22 Ways to Toddler-Proof Your Home

May 8, 2019

Kids seem to have a knack for getting into trouble – it’s all part of figuring out their world. Toddlers are especially prone to accidents as they learn to walk and are able to explore more of their environment, which includes taste testing just about everything.

Many of us are either just starting our families or becoming grandparents for the first time. As adults, there are simple ways that we can make a toddler’s world a little safer, whether they are living in our home or just visiting:

Kitchen

  1. When cooking, keep any pots and pans on the stovetop out of reach by placing them on the back burner and turning handles inward. (Pro tip: make a habit of checking the knobs regularly, especially if you have a gas stove).
  2. Store sharp items like knives and scissors well out of reach or in a locked cupboard or drawer.
  3. Never leave hot beverages out where a toddler could grab them or tip them over.
  4. Keep cleaning supplies in a locked cupboard and in their original containers so they can be identified in case of accidental ingestion.

Bathroom

  1. Keep medicines, cleaning supplies, and sharp objects (shaving tools, tweezers, nail clippers) in a locked drawer or cupboard, and in their original containers. Never rely solely on childproof packaging to keep a toddler out.
  2. Put a lock on the toilet lid. Children are top-heavy and can drown in less than 2 inches of water (some of them also like to dip their toothbrushes in toilet water when you’re not looking.)
  3. Turn your water heater thermostat down to 120 degrees to avoid unintentional scalding.
  4. Place a non-slip mat in the bathtub to help prevent and pad falls. Also consider a spout cover, like this cute little guy.
  5. Unplug hair dryers, curling irons, and straighteners when you’re finished using them. Make sure they are out of reach while they’re still hot, and don’t let cords dangle off the counter.

Around the House

  1. Cover easy-to-reach wall outlets and power strips with protective covers – there are even options that prevent toddlers from unplugging devices.
  2. Secure all tippable furniture (bookcases, shelves, etc.) with brackets and anchors. Store heavier items lower to the ground, and save fragile items for higher spots that can’t be reached.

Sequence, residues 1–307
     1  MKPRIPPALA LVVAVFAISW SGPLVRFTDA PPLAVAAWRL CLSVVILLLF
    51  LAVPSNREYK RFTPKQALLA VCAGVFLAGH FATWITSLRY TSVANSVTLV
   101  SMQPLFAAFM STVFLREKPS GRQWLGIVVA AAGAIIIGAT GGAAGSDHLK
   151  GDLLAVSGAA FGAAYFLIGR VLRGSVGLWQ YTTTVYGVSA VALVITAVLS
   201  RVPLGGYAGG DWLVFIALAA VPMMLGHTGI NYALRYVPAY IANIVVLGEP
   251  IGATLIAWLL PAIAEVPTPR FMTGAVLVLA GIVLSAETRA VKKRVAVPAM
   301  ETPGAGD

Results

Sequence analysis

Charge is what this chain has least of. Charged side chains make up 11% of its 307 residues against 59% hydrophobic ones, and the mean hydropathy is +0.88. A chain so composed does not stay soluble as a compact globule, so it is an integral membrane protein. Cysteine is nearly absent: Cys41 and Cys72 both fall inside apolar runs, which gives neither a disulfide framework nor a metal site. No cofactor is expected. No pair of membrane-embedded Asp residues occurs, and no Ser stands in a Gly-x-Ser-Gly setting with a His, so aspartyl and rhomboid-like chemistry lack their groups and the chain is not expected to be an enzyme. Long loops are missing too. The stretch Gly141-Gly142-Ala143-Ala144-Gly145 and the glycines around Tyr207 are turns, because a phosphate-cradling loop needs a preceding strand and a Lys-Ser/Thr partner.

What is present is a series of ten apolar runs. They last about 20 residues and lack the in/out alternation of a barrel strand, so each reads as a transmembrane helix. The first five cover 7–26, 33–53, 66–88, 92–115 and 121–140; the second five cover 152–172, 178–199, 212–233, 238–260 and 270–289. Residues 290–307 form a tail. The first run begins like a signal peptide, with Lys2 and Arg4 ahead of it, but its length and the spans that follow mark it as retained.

3. Install safety gates at the top and bottom of all stairs, at least until your toddler is confident with navigating stairs. Gates at the top should be mounted to the door frame instead of held in place with expanding pressure bars.
  4. Place furniture away from high windows and keep windows locked. A screen isn’t strong enough to keep a child from falling.
  5. Don’t leave looped window blind cords hanging. Better yet, try cordless blinds.
  6. Put away items that are small enough to choke on – a young child’s trachea is only about the size of a cherry pit – and always keep magnets and batteries far away. Rule of thumb: if an item can fit through a toilet paper tube, it’s not safe for a toddler to have.
  7. Keep exterior doors locked, but make sure they can be easily opened by an adult in case of an emergency.

Outside

  1. Empty kiddie pools after use. Not only is a pool a drowning hazard for toddlers, but it also makes an excellent breeding ground for bacteria and insects. Cover or fence off other water features in the yard, too.
  2. Avoid pea gravel! It’s the perfect choking size for young children.
  3. Especially during fall months, check your yard for mushrooms before outdoor playtime. They can be consumed quickly and easily and only experts are able to tell toxic from nontoxic wild mushrooms.
  4. Avoid planting poisonous or prickly plants and plants that bear small fruits and berries (another choking hazard).
  5. Ensure that play structures are anchored and in good repair, and that they are placed over a soft surface like grass.
  6. Store away BBQ tools, lawn and garden tools, and herbicides/insecticides/fertilizer in the garage or in a locked shed.

Please remember that safety measures are never 100% effective. Supervise small children at all times.


Sources: https://www.webmd.com/parenting/guide/childproof-home#1-2https://www.smababy.co.uk/toddler/toddler-proofing-your-home/